Get App-Happy


By Linda Ehlers, ND Hands & Voices

With iPhones, iPods, iPads and similar devises becoming increasingly popular, technology has become a natural part of children’s lives today. These devices are so portable; children can hold something as powerful as a computer in the palm of their hands. They have longer battery life, are adaptable with mandated universal accessibility designs, and utilize applications or “apps” to perform a variety of functions. On top of it all, these devices are socially accepted—even “cool”.  The children and students born today will learn to read, write and count on even more advanced portable devices than we have available today. They already play games and watch movies with captions; many more will use them to communicate with others and learn academic and life skills.

There is excitement among teachers, parents and therapists about the possibilities of using these devices and applications for learning in education.  While this article primarily focuses on the Apple brand names, other companies such as Microsoft, Hewlett Packard and Verizon have and are quickly coming out with their version of these devices.

The number of apps that can be purchased in the iTunes store is probably overwhelming to most of us. You may ask yourself: How can parents and professionals determine which applications might be beneficial for a child or student?

Recognizing the importance of this technology, the North Dakota School for the Deaf (NDSD) recently invited Mark Coppin to present at its Family Learning Vacation.  Coppin is the assistive technology director at the Anne Carlsen Center, a private residential school for children with multiple disabilities in Jamestown, North Dakota. While parents were learning about technology at the workshop, their children with hearing loss, along with siblings, were engaged in language learning and social activities.

Mr. Coppin recommended reviewing the Student, Environment, Task and Tools (SETT) framework before purchasing applications or any assistive technology (AT).  This is a process to get the child’s team to gather information and make a well-thought out plan about the goals of assistive technology.  (For further explanation on the SETT framework please refer to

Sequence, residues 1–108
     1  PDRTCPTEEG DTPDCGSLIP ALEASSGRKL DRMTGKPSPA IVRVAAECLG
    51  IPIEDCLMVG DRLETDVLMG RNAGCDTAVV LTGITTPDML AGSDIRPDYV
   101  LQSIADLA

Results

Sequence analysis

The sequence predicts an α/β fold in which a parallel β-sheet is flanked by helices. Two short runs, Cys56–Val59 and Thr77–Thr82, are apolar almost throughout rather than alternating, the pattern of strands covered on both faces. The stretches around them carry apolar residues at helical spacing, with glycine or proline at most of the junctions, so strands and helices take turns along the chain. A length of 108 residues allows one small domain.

More About the SETT Framework and AT

Under the SETT framework, the first step is to consider the child. You must assess the needs and abilities of the child, including mobility, vision, hearing, cognition and behavior, as well as interests and preferences. The team should also look at the things that a student needs to be able to do which are difficult now. The second step is to consider the environment.  In considering the environment, the team should look at where and when the technology can be used. This includes more than just considering the classroom and the people in that room. This step should include consideration of other environments such as the home, gymnasium or lunch room. The team should look beyond the environment toward the services and support provided, and the knowledge and attitudes of the staff or family providing support.  Consider what device would be best for the work area. For example, an iPhone or iPod would be better suited than an iPad in certain environments due to the fact that it can be clipped to an individual’s belt. The third step in the SETT framework involves looking at what task the child needs to accomplish. In looking at the task, consider what is actually going to happen in the environments where the child interacts. Finally, you must consider which applications will meet the child’s needs. When researching applications and determining if they meet the needs of the child, the team needs to consider the goals of the child as well as the age of the child. The team should also consider if the applications can be used for social activities, such as cooperative learning, turn taking and group learning.